The editBox controls that are used to display Specification Details in the first column have their getText callbacks set to GetSpecDetailText. The GetSpecDetailText callback evaluates which editBox is displayed and returns the appropriate text.
<!-- This tab illustrates the two-column layout. --> <tab id="twoColumnsTab" label="Two Column Layout" insertBeforeMso="TabInfo"> <firstColumn> <group id="specDetailsGroup" label="Specification Details" helperText="Keep the following information up to date."> <topItems> <editBox id="specTitle" label="Title: " getText="GetSpecDetailText" /> <editBox id="specDesigner" label="Designer: " getText="GetSpecDetailText" /> <editBox id="specEngineer" label="Engineer: " getText="GetSpecDetailText" /> <editBox id="specTeam" label="Team: " getText="GetSpecDetailText"/> <editBox id="specCost" label="Cost: " getText="GetSpecDetailText"/> </topItems> </group> </firstColumn> <secondColumn> <taskGroup id="bidProcessTaskGroup" label="Contract Bid Process Checklist" > <category id="defineWorkScopeCategory" label="Define work and tasks - Complete tasks in order."> <task id="defineScope" label="Define the Scope of Work." imageMso="_1"/> <task id="assignTasks" label="Assign the Tasks" imageMso="_2"/> </category> <category id="calculateCostsCategory" label="Calculate costs - Complete tasks in order."> <task id="calcManHours" label="Calculate Total Man-Hours" imageMso="_3"/> <task id="calcOverheadCosts" label="Determine Overhead Costs" imageMso="_4"/> </category> </taskGroup> </secondColumn> </tab>
'Returns the text to display for each specification detail editBox. Sub GetSpecDetailText(control As IRibbonControl, ByRef returnedVal) Select Case control.ID Case "specTitle" returnedVal = "Flexible Bracket" Case "specDesigner" returnedVal = "Andrew Fuller" Case "specEngineer" returnedVal = "Nancy Davolio" Case "specTeam" returnedVal = "Design" Case "specCost" returnedVal = "$896,210" End Select End Sub
In some cases, you may want to provide additional sub-navigation on a Backstage view page. The taskFormGroup control supports this by displaying groups of controls in a pane to the right side of the first column, depending on selections made in the taskFormGroup control. The taskFormGroup element uses task elements which are defined within category elements to determine which groups of controls should be displayed. Each task can define one or more groups that contain the controls to display. When a task in the taskFormGroup control is selected, the groups that are defined for that task display. Selecting different tasks changes the groups displayed in the pane to , which enables you to display more information in a smaller space.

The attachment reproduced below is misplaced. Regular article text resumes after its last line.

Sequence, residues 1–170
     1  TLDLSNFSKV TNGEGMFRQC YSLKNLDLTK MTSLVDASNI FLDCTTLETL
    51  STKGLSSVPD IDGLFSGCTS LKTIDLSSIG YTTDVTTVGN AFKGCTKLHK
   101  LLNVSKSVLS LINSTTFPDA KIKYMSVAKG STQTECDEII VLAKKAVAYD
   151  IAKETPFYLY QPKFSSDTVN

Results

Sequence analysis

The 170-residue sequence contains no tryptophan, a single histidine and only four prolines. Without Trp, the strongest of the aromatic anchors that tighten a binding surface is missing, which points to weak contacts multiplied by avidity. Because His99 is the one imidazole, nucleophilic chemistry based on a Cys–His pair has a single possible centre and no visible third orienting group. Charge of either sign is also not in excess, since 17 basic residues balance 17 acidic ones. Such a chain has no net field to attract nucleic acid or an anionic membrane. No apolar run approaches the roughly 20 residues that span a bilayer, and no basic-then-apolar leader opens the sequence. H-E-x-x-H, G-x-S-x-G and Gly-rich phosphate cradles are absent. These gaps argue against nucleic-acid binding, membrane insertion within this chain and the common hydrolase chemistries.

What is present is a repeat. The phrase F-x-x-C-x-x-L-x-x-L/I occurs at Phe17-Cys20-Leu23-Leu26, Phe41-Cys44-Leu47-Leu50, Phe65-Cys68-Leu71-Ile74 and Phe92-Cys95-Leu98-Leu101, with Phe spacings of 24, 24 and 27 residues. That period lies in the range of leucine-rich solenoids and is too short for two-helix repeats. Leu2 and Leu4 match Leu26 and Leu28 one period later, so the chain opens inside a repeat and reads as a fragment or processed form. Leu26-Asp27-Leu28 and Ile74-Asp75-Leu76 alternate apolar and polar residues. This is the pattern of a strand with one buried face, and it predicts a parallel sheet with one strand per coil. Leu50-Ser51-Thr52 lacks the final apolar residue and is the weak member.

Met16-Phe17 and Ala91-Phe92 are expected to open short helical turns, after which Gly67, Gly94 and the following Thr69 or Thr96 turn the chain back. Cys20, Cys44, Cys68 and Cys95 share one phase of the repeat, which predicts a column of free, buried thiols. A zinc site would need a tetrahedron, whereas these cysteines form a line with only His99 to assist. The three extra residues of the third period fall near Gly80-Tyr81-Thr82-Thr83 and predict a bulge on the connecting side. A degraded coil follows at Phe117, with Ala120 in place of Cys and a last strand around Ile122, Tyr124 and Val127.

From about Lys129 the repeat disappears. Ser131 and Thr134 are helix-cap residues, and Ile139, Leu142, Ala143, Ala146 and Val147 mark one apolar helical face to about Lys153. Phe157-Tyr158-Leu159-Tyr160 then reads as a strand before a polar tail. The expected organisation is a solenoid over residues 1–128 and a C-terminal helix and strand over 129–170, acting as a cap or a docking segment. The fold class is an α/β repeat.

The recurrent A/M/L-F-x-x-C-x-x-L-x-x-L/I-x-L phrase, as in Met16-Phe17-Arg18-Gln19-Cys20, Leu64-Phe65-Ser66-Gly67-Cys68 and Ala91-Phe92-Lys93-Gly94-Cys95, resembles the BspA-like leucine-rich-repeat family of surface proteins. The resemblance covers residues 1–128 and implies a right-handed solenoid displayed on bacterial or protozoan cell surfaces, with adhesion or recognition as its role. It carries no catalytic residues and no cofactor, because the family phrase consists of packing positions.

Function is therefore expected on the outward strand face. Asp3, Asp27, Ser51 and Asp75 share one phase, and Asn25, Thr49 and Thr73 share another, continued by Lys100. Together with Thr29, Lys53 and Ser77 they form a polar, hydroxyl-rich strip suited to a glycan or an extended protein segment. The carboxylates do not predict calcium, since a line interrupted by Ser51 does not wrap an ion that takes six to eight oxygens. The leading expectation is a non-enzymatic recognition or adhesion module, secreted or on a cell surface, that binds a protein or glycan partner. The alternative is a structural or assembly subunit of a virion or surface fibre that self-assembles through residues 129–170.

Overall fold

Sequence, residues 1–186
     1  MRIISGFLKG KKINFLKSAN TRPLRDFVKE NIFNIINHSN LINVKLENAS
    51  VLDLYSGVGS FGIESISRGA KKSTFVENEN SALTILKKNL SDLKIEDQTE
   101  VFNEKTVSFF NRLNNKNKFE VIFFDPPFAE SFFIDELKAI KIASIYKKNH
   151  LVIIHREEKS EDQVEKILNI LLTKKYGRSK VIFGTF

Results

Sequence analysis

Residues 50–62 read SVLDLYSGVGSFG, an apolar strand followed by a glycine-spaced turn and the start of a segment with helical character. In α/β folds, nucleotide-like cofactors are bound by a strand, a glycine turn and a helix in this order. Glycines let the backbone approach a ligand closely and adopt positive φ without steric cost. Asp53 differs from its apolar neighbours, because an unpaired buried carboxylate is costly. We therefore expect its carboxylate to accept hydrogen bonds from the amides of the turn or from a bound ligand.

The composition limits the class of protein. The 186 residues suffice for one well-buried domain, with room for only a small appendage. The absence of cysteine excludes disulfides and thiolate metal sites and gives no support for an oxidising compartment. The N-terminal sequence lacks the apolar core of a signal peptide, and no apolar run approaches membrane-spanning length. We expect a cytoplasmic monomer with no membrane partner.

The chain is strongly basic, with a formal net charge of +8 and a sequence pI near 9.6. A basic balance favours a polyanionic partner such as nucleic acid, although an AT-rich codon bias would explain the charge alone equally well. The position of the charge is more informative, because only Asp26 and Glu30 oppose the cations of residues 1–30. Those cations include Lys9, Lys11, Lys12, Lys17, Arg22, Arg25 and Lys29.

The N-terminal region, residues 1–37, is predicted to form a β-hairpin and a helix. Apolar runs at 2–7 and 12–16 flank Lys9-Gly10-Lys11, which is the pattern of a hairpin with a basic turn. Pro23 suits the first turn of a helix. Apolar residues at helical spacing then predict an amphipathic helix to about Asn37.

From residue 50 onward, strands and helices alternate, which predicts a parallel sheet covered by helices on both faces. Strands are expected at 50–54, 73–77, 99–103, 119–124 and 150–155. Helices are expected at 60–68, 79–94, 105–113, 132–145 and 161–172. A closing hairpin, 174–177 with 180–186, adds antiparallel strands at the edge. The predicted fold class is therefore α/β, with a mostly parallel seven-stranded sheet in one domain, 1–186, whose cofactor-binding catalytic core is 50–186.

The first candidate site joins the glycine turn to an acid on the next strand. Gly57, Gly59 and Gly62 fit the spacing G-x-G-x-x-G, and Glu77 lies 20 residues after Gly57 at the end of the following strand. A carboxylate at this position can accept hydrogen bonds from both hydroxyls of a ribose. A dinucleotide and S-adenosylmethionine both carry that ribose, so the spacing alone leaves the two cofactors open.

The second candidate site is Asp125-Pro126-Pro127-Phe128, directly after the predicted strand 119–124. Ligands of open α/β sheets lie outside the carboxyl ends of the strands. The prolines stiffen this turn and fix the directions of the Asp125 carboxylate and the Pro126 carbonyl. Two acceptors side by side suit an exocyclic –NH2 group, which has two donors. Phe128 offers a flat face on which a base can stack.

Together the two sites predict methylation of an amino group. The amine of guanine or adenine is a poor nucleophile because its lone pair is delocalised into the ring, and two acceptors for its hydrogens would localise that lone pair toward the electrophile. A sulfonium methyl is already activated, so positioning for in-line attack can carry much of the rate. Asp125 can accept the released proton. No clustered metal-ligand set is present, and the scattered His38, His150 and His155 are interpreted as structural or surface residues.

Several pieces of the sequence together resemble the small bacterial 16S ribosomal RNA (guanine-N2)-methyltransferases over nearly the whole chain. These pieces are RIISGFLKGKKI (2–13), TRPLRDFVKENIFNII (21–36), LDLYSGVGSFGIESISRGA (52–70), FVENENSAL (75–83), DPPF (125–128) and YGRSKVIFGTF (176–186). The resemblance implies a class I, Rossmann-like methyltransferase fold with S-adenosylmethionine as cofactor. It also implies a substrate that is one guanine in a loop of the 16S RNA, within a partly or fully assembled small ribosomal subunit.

The following code example shows how to use a taskFormGroup control to provide sub-navigation on a page. The taskFormGroup element defines three category elements that contain a single task. The task defines a group of buttons. When you click the engineeringTasks task, the engineeringGroup group is displayed in the pane to the right side. When you click the manufacturingTasks task, the manufacturingGroup group replaces the engineeringGroup group in the pane to the right side.
<!-- This tab illustrates the taskFormGroup layout. --> <tab id="taskFormGroupTab" label="taskFormGroup Layout" insertBeforeMso="TabInfo"> <firstColumn> <taskFormGroup id="teamTaskFormGroup"> <category id="engineeringCategory" label="Engineering Tasks"> <task id="engineeringTasks" label="Manager: William Rodgers" description="Engineering Excellence" imageMso="TableDesign"> <group id="engineeringGroup" label="Engineering Group"> <topItems> <button id="concept" label="Concept " imageMso="_1" /> <button id="design" label="Design " imageMso="_2" /> <button id="prototype" label="Prototype " imageMso="_3" /> <button id="production" label="Production" imageMso="_4" /> </topItems> </group > </task> </category> <category id="manufacturingCategory" label="Manufacturing Tasks"> <task id="manufacturingTasks" label="Manager: Alice Morton" description="Right the First Time" imageMso="ControlsGallery"> <group id="manufacturingGroup" label="Manufacturing Group"> <topItems> <button id="flowDesign" label="Flow Design " imageMso="_1" /> <button id="tooling" label="Tooling " imageMso="_2" /> <button id="staffing" label="Staffing " imageMso="_3" /> <button id="manufacturing" label="Manufacturing" imageMso="_4" /> </topItems> </group > </task> </category> <category id="marketingCategory" label="Marketing Tasks"> <task id="marketingTasks" label="Manager: Jane Burns" description="Bringing Quality to the Customer" imageMso="SignatureShow"> <group id="marketingGroup" label="Marketing Group"> <topItems> <button id="concepts" label="Concepts " imageMso="_1" /> <button id="storyBoarding" label="Story Boarding " imageMso="_2" /> <button id="finalization" label="Finalization " imageMso="_3" /> <button id="channelSelection" label="Channel Selection" imageMso="_4" /> <button id="execution" label="Execution " imageMso="_5" /> </topItems> </group > </task> </category> </taskFormGroup > </firstColumn> </tab>